Ken Soto was a member of the OHRRPGCE community back in the early 90’s. Although he disappeared from the OHR populace sometime in 1999, some of his work left a lasting impression on me. Enough of an impression that I felt the need to share it with others. Warriors of Conway was Ken’s first idea for a game, even though it was never fleshed out.
To be honest, there is not much content to it at all. In Ken’s defense, he stated that it was a “pre-demo”, only uploaded to show a select few the project, as per the game’s bundled documentation. Regardless, that is not the point, as I believe that there is an underlying lesson to be learned from Ken and the Warriors of Conway.
As mentioned before, there is not much to the game itself, and the story is ultimately nonexistent. You begin the game as Ken (go figure), and you discover that you and your uncle have moved to your current location from a land far away to aid in your training. Apparently, your uncle can hold his own well, because he ends up saving you from a giant you stumble upon while wandering the forest one day. You can continue through the forest and onto a town that has only a few citizens (and a friend that will join you), but that is completely up to you. There is no real reason to venture to the village, as the game ends there abruptly.
The game is pleasing to the eyes. Although the graphics are not stellar, some aspects could still be considered at or right above average. Considering the game is over ten years old now, I would say that is a remarkable feat. The same thought applies to the music as well. Ken was definitely talented in the musical department and it more than shows here. From what I understand, he wrote the entire score himself, with rumors of 10 or 15 more pieces that were slated to be used in the game eventually. The forest theme sounded fantastic, and every other piece I heard was nice and fit the mood of its respective location.
With that being said, the game as a whole is definitely incomplete. It should not be considered even “demo” material, just like Ken Soto mentioned in his documentation.
So, what is the big deal? Let me quote something from the text file included with the game:
“I’ve taken a look around at all of the ripped OHRRPGCE games, and it doesn’t tick me off, because I can understand it gets frustrating and upsetting sometimes trying to draw your own graphics to match up with the other veteran games out there, but I just hate to see so many people with a lot of potential give up so quickly on their own abilities. Just take a look at the first Warriors of Conway game on my homepage, and even Dark Sword for that matter, and compare it to the graphics in this game, and you’ve got to see a big difference. I tell you, anyone can improve THAT MUCH and more if they just keep at it. It’s going to take time; you can’t put out a winner overnight, so have patience, and take the time to fiddle with even just one maptile if that’s what it comes to. And if you get stuck on a graphic, move on, or ask for help, but please, don’t rip, not because it’ll probably just annoy the heck people, but because your game will be so much better, just because you did it all yourself.”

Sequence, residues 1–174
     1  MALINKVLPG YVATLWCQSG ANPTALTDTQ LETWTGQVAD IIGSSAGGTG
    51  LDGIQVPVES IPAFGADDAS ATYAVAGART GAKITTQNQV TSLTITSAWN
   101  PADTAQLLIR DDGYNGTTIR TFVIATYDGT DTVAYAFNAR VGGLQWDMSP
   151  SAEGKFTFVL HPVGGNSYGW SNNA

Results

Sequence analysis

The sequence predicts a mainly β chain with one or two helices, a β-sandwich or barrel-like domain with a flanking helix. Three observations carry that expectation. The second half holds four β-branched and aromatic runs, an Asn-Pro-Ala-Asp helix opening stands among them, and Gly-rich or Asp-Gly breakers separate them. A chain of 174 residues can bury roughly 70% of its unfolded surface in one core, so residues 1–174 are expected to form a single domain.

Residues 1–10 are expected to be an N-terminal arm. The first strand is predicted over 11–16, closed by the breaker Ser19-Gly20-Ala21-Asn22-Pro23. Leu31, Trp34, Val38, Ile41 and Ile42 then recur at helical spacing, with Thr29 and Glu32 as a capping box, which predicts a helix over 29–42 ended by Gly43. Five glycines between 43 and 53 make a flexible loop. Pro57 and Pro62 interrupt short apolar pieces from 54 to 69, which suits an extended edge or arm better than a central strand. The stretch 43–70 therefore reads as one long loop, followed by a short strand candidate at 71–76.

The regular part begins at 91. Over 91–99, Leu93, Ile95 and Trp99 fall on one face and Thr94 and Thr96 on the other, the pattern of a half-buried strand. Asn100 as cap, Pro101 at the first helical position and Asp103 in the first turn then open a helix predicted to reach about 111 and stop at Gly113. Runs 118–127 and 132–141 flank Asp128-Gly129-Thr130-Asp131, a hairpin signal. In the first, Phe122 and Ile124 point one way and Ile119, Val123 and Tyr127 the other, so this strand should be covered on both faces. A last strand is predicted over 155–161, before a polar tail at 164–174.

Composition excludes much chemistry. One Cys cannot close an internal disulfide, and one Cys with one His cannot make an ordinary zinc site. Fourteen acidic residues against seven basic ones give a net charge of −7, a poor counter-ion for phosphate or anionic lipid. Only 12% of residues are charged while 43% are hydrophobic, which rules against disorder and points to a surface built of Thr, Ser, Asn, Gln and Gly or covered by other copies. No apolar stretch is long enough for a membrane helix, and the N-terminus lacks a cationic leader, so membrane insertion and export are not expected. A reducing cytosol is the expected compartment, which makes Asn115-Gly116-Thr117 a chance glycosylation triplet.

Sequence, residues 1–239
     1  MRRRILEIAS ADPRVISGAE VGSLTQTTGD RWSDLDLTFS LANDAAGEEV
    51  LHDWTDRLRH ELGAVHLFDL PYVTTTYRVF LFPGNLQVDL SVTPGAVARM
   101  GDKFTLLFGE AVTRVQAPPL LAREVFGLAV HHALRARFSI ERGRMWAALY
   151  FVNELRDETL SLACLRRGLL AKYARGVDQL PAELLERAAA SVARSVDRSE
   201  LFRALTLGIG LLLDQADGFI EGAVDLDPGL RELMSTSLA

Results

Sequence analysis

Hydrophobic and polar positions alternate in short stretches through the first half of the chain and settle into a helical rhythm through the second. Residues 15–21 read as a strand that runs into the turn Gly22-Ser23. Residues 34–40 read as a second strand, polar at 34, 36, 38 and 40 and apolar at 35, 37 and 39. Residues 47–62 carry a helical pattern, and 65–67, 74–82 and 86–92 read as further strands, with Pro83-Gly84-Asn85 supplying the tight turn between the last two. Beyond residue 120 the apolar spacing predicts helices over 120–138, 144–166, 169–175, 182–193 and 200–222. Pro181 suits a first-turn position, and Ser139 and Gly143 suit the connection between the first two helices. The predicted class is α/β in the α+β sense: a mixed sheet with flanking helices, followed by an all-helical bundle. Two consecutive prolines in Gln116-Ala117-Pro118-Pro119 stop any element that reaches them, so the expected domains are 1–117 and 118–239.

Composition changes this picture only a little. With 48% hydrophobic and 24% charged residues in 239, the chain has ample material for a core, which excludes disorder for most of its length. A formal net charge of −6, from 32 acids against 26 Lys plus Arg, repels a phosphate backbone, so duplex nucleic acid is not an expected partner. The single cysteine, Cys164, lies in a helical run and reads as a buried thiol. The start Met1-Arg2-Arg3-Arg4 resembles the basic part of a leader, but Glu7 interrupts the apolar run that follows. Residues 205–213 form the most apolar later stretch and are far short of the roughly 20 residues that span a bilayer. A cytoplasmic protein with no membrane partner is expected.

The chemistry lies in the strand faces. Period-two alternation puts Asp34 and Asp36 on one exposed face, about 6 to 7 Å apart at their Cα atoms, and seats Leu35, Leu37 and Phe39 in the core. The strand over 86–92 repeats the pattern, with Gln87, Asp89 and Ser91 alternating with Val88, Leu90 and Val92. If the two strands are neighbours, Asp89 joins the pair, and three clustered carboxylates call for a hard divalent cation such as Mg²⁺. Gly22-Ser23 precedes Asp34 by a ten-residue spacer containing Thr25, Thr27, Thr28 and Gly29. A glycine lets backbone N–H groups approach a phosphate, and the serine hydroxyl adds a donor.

What does this tell me? Should I not rip graphics? I personally don’t believe in it, but that’s not to say that one should not do it. Should I write all of my own music for my game? I have personally written some pieces for my first game, The Omega, but was never able to write an entire score for it. Regardless of what you may think, this is not the point that I am trying to make. I simply think that Ken Soto had passion. Now, I am not trying to set him up on a pedestal and make him special, but I think that he should be commended for his thought process and work.
How many times do we as game developers lose passion for a certain aspect of game design? Whether it is something that is boring to us personally, or just something that we are not good at, I think we have all fallen victim to that train of thought at some point in time. What I am trying to say is this; whether you are good at something or not, you should still try and do your very best. Even if it is not up to other’s standards, putting 100% effort into your projects can make a huge difference, even if others pick it apart.
Again, please do not take this as saying that you should not receive help from others. Rather, take it as you should simply put forth your best effort into your project, whatever it may be and however you may go about it. I think that is something that we can all appreciate; veteran and newbie alike.